Since Spring 2020, the Department of Health and Human Services (HHS) has distributed more than $150 billion in Provider Relief Funds (PRF) to health care providers that can be used to reimburse their expenses attributable to COVID-19 or to make up for revenue losses incurred during the pandemic. Providers are required to submit reports on the first distributions of PRF funding by September 30, 2021.
On September 10, 2021, HHS, through the Health Resources and Services Administration (HRSA), announced $25.5 billion in new funding available for health care providers affected by the COVID-19 pandemic. Moreover, HHS also announced a 60-day grace period to help providers come into compliance with the September 30, 2021 PRF reporting requirements.
The $25.5 billion in funding will be allocated as follows: $17 billion for “Phase 4” of the PRF General Distribution for providers who can document revenue loss and expenses associated with the pandemic between July 1, 2020 and March 31, 2021; and $8.5 billion in American Rescue Plan (ARP) resources for providers who serve rural Medicaid, Children’s Health Insurance Program (CHIP), or Medicare patients. According to HRSA, 75% of the Phase 4 payments will be distributed based on revenue losses and COVID-related expenses between July 1, 2020 and March 31, 2021, with smaller providers reimbursed at a higher rate than larger providers. The remaining 25% will be used for bonus payments for providers who serve Medicaid, CHIP, and/or Medicare patients.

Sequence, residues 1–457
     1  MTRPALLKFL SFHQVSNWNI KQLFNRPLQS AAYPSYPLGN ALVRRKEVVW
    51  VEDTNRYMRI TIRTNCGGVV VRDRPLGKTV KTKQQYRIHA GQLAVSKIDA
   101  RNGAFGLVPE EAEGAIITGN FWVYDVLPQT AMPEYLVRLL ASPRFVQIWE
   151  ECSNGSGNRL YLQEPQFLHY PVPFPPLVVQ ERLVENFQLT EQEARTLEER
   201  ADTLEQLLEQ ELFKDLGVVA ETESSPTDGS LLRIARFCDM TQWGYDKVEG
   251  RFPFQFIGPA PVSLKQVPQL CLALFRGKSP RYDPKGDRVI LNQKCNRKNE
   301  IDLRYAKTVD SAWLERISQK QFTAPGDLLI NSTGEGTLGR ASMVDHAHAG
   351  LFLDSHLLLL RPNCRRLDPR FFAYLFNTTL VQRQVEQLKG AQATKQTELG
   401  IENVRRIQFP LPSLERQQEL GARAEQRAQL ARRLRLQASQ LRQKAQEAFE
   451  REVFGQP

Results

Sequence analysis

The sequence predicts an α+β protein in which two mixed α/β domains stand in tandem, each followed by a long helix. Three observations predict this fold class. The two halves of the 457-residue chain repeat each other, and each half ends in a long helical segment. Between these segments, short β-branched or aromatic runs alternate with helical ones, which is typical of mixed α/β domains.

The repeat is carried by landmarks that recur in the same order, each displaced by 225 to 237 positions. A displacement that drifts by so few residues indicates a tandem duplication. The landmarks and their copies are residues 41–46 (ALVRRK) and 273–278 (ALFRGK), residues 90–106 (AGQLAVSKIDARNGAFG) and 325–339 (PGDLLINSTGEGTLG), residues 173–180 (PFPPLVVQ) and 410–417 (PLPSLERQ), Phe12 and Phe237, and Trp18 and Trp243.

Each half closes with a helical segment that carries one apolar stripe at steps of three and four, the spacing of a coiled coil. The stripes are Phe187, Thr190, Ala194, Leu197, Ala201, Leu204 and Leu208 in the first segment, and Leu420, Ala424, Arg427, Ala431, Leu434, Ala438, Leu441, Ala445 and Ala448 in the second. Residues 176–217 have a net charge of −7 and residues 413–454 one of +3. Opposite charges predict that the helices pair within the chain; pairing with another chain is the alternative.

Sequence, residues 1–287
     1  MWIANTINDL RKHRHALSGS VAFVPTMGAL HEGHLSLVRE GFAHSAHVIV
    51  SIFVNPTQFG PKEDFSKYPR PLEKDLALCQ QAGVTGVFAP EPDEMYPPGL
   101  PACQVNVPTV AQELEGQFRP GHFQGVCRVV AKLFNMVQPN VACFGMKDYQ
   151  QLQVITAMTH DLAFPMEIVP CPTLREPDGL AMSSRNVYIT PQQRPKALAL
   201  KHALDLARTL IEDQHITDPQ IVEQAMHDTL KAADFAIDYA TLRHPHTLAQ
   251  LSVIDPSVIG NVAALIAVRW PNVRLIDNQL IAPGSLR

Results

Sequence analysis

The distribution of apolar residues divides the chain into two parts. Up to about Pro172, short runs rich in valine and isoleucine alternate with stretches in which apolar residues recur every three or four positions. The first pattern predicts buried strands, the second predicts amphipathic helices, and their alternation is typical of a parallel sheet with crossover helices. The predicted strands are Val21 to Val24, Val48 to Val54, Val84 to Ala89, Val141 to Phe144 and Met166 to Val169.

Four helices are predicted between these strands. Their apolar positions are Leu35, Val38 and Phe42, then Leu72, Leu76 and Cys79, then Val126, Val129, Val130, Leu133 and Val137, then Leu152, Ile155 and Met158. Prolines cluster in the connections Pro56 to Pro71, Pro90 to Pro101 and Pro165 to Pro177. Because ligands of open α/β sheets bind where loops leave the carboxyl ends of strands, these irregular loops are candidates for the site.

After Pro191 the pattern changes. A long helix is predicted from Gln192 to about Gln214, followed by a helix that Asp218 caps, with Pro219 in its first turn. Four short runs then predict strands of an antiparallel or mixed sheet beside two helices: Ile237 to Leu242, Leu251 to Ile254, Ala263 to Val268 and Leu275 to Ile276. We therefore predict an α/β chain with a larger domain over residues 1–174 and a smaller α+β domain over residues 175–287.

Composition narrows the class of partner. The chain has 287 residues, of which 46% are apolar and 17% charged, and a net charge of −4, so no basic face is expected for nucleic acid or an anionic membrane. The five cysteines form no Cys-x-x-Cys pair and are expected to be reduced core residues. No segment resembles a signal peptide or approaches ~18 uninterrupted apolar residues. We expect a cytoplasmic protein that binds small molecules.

For the ARP rural distribution, HRSA will make payments to providers based on the amount of Medicaid, CHIP and/or Medicare services they provide to patients living in rural areas. HRSA will use existing Medicaid, CHIP, and Medicare claims data in calculating payments.
Providers can apply for both programs in a single application beginning on September 29, 2021. To ensure that the funds are used for patient care, HHS is requiring PRF recipients to notify the HHS Secretary of any merger with, or acquisition of, another health care provider during the period in which they can use the payments.
HHS also announced a 60-day grace period to help providers comply with their PRF Reporting requirements if they fail to meet the initial deadline on September 30, 2021. Specifically, HHS stated that while the deadlines to use funds and the reporting time period remain unchanged, HHS will not initiate collection activities or similar enforcement actions against noncompliant providers during this grace period. The grace period should help relieve time pressure for those PRF recipients struggling to prepare their reports before September 30, 2021.
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